By: Michael Boldin
If we truly want to build a real “land of the free,” it’s essential to understand the source of our problems – to “strike the root,” so to speak. Using the wisdom and warnings of leading founders and old revolutionaries – we can point to consolidation, or centralization of power.
Patrick Henry put it this way in the Virginia Ratifying Convention:
“Dangers are to be apprehended in whatever manner we proceed; but those of a consolidation are the most destructive.”
Thomas Jefferson echoed this view years later, in a letter to Joseph C. Cabell:
“What has destroyed liberty and the rights of man in every government which has ever existed under the sun? the generalising & concentrating all cares and powers into one body”
For Jefferson (and Patrick Henry, who we’ll get back to in a bit), total centralization of power guarantees liberty will be destroyed. And while we may not be fully there today, each year it keeps getting closer and closer to that unfortunate reality.
But it wasn’t just the anti-federalists – and Jefferson – who understood this. Prominent federalists such as James Wilson did as well.
“To support, with vigor, a single government over the whole extent of the United States, would demand a system of the most unqualified and the most unremitted despotism.”
In short, while the debates over ratification were often over consolidation – almost no one (we’re looking at you, Hamilton) rejected the notion that massive centralization of power was a bad thing. The arguments were mostly over whether the proposed constitution would lead to such an outcome or not.
Setting that debate aside for today, few writers, if any, explained the dangers of consolidation better than the Anti-federalist Brutus. In his first essay, he explained that the more centralized the state, the more it leads to abuse of power, and law being little more than what Jefferson elsewhere called “the tyrant’s will.” He also recognized and predicted it would lead to factions and infighting – and eventually, permanent standing armies and a government based on coercion and force.
Sounds pretty familiar, doesn’t it?
George Mason understood that one-size-fits-all “solutions” to any and every problem under the sun would be impossible.
“Is it to be supposed that one National Government will suit so extensive a country, embracing so many climates, and containing inhabitants so very different in manners, habits, and customs? It is ascertained by history, that there never was a Government, over a very extensive country, without destroying the liberties of the people”
And today, in a union of states with more than 300 million people – and a wide range of political, economic, social and religious viewpoints – we see the problems getting worse, and worse…and worse.
James Madison noted that “where power is in the few it is natural for them to sacrifice the many to their own partialities and corruptions.”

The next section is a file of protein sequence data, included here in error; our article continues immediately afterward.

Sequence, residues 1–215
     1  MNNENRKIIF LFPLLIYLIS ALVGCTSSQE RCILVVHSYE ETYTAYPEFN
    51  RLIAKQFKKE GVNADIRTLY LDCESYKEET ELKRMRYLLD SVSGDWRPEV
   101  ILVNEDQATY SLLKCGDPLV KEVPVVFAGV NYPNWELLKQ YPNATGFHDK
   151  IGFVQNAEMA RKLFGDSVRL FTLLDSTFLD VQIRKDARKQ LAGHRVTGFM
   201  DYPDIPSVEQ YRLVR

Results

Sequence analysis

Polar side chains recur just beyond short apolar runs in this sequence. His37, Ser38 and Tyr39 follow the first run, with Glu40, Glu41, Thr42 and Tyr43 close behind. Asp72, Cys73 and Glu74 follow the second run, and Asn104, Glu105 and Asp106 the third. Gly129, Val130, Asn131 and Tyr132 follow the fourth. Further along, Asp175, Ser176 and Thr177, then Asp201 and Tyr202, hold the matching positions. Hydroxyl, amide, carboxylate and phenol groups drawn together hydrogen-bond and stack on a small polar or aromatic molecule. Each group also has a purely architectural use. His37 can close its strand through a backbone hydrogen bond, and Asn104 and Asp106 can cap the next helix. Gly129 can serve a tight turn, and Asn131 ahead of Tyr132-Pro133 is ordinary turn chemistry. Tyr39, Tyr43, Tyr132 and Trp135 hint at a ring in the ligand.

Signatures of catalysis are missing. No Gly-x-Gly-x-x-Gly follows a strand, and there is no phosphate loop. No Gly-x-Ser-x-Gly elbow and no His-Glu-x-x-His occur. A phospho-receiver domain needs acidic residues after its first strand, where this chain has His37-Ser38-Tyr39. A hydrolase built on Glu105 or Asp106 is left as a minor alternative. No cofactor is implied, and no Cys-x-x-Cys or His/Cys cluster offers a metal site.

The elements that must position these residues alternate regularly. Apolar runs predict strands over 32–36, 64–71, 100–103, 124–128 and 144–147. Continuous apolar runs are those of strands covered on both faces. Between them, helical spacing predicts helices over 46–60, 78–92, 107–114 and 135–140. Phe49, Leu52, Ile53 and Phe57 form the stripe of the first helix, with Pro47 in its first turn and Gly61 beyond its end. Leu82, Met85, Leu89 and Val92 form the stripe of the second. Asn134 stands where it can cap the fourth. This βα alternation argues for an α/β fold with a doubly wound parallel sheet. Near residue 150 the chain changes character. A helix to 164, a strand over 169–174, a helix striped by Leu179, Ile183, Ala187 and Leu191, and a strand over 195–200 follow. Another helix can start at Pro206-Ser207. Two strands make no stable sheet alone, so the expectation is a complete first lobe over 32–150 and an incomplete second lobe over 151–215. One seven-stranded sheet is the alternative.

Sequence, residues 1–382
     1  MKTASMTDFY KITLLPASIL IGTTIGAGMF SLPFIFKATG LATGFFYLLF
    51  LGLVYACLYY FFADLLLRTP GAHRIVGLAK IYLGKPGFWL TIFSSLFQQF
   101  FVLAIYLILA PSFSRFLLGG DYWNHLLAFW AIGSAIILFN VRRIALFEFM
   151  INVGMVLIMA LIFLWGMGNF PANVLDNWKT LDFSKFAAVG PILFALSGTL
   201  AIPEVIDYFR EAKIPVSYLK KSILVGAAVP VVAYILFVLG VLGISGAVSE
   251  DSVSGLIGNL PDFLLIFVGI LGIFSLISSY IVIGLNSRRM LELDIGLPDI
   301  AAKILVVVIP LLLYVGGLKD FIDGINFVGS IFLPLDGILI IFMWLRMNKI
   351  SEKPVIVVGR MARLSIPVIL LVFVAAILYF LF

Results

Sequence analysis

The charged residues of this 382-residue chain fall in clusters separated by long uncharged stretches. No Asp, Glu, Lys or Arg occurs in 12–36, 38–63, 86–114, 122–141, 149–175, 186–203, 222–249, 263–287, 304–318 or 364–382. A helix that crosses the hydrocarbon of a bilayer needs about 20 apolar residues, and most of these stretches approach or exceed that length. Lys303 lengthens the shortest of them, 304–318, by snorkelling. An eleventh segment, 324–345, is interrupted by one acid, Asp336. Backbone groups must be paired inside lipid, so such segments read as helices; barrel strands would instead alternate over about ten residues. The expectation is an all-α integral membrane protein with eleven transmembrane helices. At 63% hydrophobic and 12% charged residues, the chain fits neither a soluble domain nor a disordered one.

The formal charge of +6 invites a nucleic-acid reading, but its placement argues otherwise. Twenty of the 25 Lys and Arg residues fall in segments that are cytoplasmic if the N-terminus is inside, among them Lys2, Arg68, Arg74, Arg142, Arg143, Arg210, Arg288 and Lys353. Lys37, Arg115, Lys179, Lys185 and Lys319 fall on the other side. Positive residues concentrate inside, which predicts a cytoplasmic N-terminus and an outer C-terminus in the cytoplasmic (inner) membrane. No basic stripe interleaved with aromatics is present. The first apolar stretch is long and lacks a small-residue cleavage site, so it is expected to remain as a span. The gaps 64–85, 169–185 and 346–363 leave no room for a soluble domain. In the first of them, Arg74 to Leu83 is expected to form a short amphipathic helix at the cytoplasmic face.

Thomas Jefferson warned that consolidation would lead to “corruption, plunder & waste.”
So when we see corruption all around us – in politicians, agencies and more – we shouldn’t be surprised it’s happening. The root cause, of course, is too much power in too few hands.
Unless the people turn things around, it’s only going to get worse.
As Patrick Henry warned, “Consolidation must end in the destruction of our liberties.”
That’s the bad news. But there’s good news too.
Mike Maharrey put it this way, “If consolidation ends in the destruction of our liberties, the key to regaining liberty is “un-consolidation,” or to use an actual word – decentralization.”
That means people will absolutely have to change their approach. Maharrey explained further:
“This strategy requires letting go of centralized political power. That includes resisting the temptation to try to wrest control of the overreaching consolidated government and impose liberty from on high.
This is a difficult concept to grasp in an American political culture that operates almost exclusively through the consolidated government in Washington D.C. People always tend to think in terms of grabbing and wielding political power. This will always fail because political power is the problem.”
The key, then – is to reject any effort to give the government more power, even when you might like how it uses that power in the short run. Eventually, other politicians will wield that same power – and use it in ways destructive to liberty.
Never forget: The power to do good always comes with a power to do evil.
The fact is that this kind of approach is often scary, difficult and can require personal sacrifice. But there is no easy path to go from the largest government in history – to liberty.
As Thomas Paine wrote, “Those who expect to reap the blessings of freedom, must, like men, undergo the fatigues of supporting it.”
No matter how much the odds might seem stacked against us – our duty is to push forward. Brick-by-brick. Person-by-person. State-by-state for the Constitution and liberty.
Thank you for being on this path to liberty with us!